Presumed consent and other predictors of cadaveric organ donation in Europe

Prog Transplant. 2003 Mar;13(1):17-23. doi: 10.1177/152692480301300104.


Context: Few studies on presumed consent and environmental predictors of cadaveric organ donation in Europe have been published.

Objective: To determine if a presumed consent policy and other variables can be used to predict the cadaveric organ donation rate per million population.

Design: Secondary analysis of published data.

Setting: Europe.

Participants: The unit of analysis for this study is the individual country.

Main outcome measure: Cadaveric organ donation rate per million population.

Results: Original and transformed data were subjected to ordinary least-squares regression. All 4 independent variables were significant predictors of cadaveric donation rate, including (1) having a presumed consent (opting-out) policy in practice, (2) number of transplant centers per million population, (3) percentage of the population enrolled in third-tier education, and (4) percentage of population that is Roman Catholic.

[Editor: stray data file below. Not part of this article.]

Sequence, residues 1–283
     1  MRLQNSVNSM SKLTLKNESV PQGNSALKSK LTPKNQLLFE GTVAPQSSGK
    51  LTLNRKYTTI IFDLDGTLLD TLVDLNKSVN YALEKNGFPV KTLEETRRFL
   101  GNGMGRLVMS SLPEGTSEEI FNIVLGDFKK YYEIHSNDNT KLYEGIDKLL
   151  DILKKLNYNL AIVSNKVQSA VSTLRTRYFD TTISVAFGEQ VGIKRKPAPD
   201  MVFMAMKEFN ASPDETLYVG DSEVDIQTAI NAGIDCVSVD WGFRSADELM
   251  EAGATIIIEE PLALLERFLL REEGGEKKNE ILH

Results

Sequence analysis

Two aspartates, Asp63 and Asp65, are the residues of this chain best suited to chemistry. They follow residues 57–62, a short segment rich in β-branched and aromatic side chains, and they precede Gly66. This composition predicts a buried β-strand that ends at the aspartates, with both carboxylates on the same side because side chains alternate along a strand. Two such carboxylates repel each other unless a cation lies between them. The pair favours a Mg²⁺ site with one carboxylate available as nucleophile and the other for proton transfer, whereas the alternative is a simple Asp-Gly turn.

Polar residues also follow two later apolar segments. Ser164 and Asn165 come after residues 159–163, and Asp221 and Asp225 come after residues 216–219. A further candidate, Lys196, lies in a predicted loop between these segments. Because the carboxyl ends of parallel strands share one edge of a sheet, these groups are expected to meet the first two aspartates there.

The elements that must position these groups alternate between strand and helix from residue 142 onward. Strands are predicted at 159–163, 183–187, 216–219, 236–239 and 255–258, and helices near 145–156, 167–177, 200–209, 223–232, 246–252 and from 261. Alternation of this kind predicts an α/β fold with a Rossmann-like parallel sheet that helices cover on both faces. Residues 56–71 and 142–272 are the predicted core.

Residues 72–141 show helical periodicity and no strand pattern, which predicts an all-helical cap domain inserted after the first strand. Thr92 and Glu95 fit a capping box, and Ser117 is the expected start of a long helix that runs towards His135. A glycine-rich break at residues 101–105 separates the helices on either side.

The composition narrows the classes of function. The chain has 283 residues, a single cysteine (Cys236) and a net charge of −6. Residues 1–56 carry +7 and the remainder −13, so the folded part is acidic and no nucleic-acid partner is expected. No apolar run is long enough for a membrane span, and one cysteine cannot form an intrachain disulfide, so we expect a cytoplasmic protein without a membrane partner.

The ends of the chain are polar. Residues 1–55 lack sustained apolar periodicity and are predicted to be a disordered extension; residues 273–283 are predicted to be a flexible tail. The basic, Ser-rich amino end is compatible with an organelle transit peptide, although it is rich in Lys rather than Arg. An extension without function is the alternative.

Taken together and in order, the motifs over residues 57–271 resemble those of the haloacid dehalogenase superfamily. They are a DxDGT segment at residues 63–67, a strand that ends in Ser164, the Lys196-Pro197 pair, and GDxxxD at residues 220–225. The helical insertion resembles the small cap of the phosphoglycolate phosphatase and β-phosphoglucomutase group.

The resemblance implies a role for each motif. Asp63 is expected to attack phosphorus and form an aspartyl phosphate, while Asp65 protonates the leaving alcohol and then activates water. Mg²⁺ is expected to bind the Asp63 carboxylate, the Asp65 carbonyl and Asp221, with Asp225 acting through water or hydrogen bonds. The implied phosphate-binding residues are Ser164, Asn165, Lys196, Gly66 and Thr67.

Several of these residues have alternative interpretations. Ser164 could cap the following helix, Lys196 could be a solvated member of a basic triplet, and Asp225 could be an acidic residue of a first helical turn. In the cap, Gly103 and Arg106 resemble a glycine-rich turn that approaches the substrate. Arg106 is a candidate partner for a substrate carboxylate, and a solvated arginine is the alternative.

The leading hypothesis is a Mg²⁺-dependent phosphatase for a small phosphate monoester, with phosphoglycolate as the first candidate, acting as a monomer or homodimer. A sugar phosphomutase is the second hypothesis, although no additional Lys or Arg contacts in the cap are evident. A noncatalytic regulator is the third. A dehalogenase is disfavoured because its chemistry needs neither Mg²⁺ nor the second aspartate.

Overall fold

Conclusion: Findings may be useful to academics and professionals responsible for organ procurement. Additional research is necessary for practical application of findings. Generalizing these findings beyond Europe may be problematic because of external validity constraints.

MeSH terms

  • Cadaver
  • Europe
  • Health Policy
  • Humans
  • Informed Consent*
  • Regression Analysis
  • Tissue Donors / statistics & numerical data*
  • Tissue and Organ Procurement / statistics & numerical data*